Thank you for being here. In 1896, the London Society for the Preventionof Premature Burial was formed. It was formed specificallyquot;to prevent premature burial in general,quot; but specifically among the members. In 19thcentury London, physiciansdidn't always have the technology to distinguish between peoplewho were nearly dead and people who were very dead.
As a result, premature burialwas a problem, but it wasn't a big problem. In fact, the odds of being buried alivein London in 1896 were roughly the same as the oddsof being buried alive in Athens in 2014, which is to say roughly zero. Yet, this didn't stop Londonersfrom worrying about it. They wrote editorials,they formed societies, they lobbied their legislators
to pass extremely expensive legislation to prevent the horrorof premature burial. It's just thatit basically never happened. Why is it that we sometimes treatlittle threats as if they're big, and big threats as if they're very smallé That's the question I wantto answer for you today, and the answer really is quite simple. The human brain is nota general allpurpose computer
that rationally determineshow it should respond to threats by assessing the probabilitythey will occur and the magnitude of their consequences. The human brainis a very specialized machine, a computer that was evolvedto solve a very special set of problems, that were problemsfor a very small number of hunters gathererswho were living on the plains of Africa 200,000 years ago.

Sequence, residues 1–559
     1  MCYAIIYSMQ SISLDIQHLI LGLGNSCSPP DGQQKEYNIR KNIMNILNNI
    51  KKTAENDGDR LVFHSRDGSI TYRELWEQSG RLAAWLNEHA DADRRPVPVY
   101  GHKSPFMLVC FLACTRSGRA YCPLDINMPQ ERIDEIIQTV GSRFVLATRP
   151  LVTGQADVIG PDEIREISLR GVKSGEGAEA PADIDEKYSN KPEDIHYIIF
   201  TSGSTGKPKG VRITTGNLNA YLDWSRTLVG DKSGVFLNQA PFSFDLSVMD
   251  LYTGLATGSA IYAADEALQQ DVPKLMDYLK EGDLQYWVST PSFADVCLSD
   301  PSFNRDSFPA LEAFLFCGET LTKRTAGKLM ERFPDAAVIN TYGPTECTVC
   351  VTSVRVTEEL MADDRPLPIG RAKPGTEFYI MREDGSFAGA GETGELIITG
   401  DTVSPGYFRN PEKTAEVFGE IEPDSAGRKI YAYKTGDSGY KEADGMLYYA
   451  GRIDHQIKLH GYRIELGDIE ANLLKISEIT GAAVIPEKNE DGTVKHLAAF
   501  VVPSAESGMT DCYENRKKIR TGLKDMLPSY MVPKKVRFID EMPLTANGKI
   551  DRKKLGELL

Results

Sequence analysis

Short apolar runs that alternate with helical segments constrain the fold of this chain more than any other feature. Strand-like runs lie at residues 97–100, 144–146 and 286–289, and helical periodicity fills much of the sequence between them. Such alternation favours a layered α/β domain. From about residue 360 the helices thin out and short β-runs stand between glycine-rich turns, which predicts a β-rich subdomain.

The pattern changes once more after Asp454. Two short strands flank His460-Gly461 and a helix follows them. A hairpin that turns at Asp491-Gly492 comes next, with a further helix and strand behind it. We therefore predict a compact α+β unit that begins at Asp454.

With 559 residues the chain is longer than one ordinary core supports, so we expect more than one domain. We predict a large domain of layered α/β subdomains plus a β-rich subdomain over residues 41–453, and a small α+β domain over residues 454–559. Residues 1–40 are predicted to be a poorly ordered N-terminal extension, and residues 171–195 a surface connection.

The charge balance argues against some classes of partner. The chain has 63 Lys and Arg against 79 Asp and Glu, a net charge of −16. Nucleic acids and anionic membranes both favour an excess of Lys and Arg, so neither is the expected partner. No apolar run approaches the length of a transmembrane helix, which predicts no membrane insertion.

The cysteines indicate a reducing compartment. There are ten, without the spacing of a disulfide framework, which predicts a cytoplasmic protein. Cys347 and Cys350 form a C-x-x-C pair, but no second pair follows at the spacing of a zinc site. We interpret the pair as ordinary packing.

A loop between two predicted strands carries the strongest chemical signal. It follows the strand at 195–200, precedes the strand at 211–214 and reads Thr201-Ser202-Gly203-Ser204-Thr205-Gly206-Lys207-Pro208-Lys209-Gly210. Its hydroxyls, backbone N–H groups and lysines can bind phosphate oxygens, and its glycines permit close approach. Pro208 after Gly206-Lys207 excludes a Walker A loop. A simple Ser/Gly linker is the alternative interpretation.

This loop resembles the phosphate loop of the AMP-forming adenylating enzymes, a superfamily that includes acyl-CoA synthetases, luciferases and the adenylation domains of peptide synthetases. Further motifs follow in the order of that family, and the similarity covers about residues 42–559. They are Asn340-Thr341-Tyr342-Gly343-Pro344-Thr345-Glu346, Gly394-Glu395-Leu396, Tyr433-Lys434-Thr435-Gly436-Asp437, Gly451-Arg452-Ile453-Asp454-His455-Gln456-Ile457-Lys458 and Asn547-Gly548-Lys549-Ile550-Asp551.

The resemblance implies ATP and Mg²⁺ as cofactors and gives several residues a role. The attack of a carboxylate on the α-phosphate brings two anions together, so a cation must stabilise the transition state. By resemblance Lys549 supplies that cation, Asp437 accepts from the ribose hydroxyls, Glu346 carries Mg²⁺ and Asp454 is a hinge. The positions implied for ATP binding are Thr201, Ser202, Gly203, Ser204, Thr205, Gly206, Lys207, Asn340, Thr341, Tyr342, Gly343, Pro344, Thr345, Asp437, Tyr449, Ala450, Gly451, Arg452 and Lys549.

When the threats that face uslook like the threats that faced our ancestors,we respond swiftly with great force,with great resolve. When they don't,we find it very hard to care. Take two examples.Two threats that face us today. Terrorism and global warming. Terrorism is a threat.It's a very real threat. It threatens the fabricof a peaceful civil society.
It threatens our peace of mind,and it threatens human life. Sometimes dozens of people,sometimes hundreds, sometimes thousands. What it does not doby any stretch of the imagination, is threaten all life on Earth. Global warming does exactly that. And yet we will spendbillions of dollars this year, preventing the premature burial of terrorism. And we will not even be able to getthe industrialized nations of the Earth
Is It The End Of The World As We Know It Talk Nerdy To Me Ep 2
Hi, I'm Kara Price, and this is Talk Nerdy To Me the HuffPost science show,in which we boldly go where scientists have gone before. You may or may not thinkabout this on a daily basis, I certainly don't, but the Earth is extremely old. Like, 4.5 billion years old.
Think about how manyLaw Order: SVU reruns you could watch in that time. Probably not all of them. (Law Order them plays) To keep track of this long history, scientists created what theycall a geological time scale. This is like a Facebook wall for stuff that has happenedin the history of the Earth.
Within this scale we have eons, eras, periods, epochs, and tupacs. No I'm kidding, we have just epochs. Our current epoch is namedafter a Bon Iver song, the Holocene Epoch. The Holocene Epoch startedaround 11,700 years ago as the Earth exited the ice age and began a period of warming.
You may have realized that since then, there has been an explosionof human activity. I don't just mean that wemerely inhabit the Earth, but have been adding on to it with the good, the bad, and the criminally insane. With this in mind, manyscientists are proposing
that a new epoch has begun, and they call it the Anthropocene. So the Anthropocenerepresents a chapter heading. It gives us a way to label the human influence on the planet. This is a chapter break, this is a time whenthe natural system ends and the increasinginfluence of human activity
continues and amplifies into the future. How do we know we'veentered the new epoché What are the telltalesigns of the Anthropoceneé Just think about pollution. Just think about our nuclear bomb tests from the late 40s until the 70s. Those released radioactiveelements into the environment and those are circulating inthe atmosphere and the oceans